The National Union of Metalworkers of South Africa (Numsa) on Tuesday slammed “intransigent” employers in the engineering sector and warned of a “total shutdown” in the industry.
This comes after Numsa declared a dispute with employers in the engineering sector following deadlock in wage negotiations last month.
Speaking at a media briefing in Johannesburg, Numsa general secretary Irvin Jim said after four dispute meetings the union failed to reach any agreement with employers in the Metal and Engineering Industries Bargaining Council.
“It is quite evident that the employers are imposing a strike onto us. Employers have forced us into this undesirable position because of the absurd offer which they have placed on the table. As Numsa, the strike was never on our agenda, purely because our core demands are affordable,” Jim said.
“We are calling on every concerned stakeholder to knock sense to the intransigent group of employers that have been frustrating the process of negotiations, or else we will shut down the entire economy on a scale which this country has never seen before.”
Numsa is demanding a 15% wage increase across the board based on the actual rate workers are earning, not on the new minimum rate. The increases must be backdated to 1 July,
But employers propose, among other things, a three-year wage agreement offering of 5.3% wage hike across the board for the first year of the agreement based on the minimum rate, and not the actual rate that workers are earning.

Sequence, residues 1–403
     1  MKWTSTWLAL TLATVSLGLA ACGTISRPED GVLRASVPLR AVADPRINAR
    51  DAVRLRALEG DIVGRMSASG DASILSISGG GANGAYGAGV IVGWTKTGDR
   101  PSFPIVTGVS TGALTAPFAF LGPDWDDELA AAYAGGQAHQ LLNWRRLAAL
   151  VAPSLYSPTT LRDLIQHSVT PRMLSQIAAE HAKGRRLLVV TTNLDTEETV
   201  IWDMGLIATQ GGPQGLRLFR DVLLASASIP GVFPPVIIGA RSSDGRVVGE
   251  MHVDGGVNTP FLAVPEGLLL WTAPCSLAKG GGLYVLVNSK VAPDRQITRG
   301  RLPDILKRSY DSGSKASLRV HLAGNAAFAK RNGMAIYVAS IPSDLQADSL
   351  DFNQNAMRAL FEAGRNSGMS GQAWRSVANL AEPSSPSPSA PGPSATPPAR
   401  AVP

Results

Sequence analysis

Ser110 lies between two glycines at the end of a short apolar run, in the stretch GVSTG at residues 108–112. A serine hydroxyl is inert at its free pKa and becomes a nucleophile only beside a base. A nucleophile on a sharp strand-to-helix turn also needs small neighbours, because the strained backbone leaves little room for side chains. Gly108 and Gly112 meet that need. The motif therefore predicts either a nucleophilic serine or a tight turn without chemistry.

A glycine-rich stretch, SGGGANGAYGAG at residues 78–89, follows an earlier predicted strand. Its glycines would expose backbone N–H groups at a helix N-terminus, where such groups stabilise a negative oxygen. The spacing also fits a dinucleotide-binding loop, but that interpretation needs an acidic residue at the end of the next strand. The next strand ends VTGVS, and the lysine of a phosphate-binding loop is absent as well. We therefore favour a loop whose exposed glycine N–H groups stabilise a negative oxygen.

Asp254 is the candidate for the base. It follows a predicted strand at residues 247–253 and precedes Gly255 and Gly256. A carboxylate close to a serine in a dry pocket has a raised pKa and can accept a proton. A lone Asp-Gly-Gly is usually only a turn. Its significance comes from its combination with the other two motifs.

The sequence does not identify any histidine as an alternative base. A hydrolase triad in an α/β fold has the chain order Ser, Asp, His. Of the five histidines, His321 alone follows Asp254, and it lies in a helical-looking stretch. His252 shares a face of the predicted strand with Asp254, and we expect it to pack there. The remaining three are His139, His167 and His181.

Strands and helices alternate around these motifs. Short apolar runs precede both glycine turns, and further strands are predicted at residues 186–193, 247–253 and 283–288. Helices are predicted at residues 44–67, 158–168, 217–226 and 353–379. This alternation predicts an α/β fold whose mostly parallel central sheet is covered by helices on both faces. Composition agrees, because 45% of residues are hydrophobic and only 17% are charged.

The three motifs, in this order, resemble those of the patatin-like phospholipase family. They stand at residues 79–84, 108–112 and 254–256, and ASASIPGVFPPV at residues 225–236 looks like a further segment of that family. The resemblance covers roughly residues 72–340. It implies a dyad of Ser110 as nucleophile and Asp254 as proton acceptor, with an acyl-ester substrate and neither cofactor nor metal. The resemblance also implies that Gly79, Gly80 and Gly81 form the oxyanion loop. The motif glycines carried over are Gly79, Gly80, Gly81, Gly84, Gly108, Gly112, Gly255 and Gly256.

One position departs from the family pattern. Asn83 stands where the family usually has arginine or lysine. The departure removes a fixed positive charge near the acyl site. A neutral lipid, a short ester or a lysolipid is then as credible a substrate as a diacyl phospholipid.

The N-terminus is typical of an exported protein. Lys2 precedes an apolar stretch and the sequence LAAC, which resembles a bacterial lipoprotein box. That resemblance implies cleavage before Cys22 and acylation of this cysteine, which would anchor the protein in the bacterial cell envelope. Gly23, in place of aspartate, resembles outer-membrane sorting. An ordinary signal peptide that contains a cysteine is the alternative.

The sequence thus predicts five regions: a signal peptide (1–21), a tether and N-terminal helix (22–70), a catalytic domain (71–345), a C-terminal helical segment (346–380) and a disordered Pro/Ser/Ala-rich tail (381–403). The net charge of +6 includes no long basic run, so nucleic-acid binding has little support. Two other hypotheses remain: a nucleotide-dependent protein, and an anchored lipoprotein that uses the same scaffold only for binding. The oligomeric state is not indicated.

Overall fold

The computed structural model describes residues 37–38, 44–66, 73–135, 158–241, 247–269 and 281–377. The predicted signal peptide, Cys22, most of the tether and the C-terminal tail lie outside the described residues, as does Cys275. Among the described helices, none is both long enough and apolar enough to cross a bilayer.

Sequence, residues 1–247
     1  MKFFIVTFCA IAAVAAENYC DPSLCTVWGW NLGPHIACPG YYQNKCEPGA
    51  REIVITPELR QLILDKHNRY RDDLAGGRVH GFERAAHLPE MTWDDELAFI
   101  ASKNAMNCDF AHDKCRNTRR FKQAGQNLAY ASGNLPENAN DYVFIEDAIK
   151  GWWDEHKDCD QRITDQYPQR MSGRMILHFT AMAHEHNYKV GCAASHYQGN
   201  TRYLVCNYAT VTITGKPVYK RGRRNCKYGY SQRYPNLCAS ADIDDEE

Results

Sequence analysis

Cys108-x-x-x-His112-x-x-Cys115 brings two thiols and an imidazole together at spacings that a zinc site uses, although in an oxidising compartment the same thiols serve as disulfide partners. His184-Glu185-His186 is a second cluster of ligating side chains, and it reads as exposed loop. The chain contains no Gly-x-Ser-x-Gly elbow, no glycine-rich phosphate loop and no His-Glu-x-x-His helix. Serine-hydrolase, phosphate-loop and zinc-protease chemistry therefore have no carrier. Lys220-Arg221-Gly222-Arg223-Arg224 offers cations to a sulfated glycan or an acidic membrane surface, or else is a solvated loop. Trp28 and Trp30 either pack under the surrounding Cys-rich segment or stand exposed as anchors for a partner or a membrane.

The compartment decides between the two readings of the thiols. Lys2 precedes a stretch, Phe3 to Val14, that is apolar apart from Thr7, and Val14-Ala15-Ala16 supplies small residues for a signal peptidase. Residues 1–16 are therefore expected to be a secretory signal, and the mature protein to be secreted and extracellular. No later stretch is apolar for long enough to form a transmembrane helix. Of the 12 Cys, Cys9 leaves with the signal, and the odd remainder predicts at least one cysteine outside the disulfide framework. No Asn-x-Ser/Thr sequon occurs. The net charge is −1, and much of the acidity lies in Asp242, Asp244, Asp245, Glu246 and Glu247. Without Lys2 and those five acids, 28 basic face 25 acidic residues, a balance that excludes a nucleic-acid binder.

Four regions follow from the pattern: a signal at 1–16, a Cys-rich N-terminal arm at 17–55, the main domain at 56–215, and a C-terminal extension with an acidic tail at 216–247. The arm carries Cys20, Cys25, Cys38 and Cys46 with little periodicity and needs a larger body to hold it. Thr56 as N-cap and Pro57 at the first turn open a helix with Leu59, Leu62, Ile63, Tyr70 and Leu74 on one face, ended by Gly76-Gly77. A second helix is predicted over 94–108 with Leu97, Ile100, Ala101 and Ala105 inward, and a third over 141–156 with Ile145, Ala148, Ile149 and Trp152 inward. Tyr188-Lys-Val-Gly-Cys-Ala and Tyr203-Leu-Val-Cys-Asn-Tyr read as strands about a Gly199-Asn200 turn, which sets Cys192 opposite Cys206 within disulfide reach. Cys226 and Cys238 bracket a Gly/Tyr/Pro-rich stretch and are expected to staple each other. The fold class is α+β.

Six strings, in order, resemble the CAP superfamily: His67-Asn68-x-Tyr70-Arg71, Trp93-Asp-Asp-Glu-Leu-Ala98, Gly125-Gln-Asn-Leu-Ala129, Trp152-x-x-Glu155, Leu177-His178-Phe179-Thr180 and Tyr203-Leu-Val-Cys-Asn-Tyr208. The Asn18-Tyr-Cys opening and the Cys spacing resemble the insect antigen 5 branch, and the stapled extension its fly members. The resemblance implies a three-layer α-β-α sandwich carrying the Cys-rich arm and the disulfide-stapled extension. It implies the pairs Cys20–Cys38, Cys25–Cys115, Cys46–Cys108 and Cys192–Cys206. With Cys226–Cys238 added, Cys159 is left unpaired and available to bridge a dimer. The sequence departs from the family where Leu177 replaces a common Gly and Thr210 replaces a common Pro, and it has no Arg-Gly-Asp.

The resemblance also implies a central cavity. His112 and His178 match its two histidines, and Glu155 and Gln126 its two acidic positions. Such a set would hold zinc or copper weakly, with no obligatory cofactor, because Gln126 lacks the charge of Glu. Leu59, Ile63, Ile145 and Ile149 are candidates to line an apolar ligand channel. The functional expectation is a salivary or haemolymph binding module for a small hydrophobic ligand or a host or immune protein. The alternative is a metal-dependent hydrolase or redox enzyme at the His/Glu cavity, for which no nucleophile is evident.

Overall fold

The metal and engineering sector wage agreement lapsed at the end of June.
If the strike goes ahead, key sectors that will be heavily affected include foundries, electronics and telecommunications, plastic and fabrication industries, machinery and equipment, electrical engineering, basic metals, heavy and light engineering as well as construction engineering companies.
Companies which supply critical parts to the auto industry, including Auto Industrial, Bell Equipment, CBI, Union Carriage and Wagon, Dorbyl, Marley Pipe Systems and Dana Spicer Axle among others, could also be affected by the strike.
Ongoing work at Eskom power stations Medupi, Kusile and Ingula, might as a result incur further delays.
Jim said employers in the metals and engineering industry would have to take full responsibility for the repercussions that this strike will have on the economy as a result of their intransigence.
“Numsa has resolved to embark on a rolling mobilisation of our members to make them ready for any eventuality and as we mobilise our members, we will dedicate time to engage employers further demanding that they must move from the current position, and make an offer that can settle this round of negotiations,” Jim said.
“Once we have satisfied that we have done everything we might be left with no option but to issue the 48-hour notice for a legally protected strike.”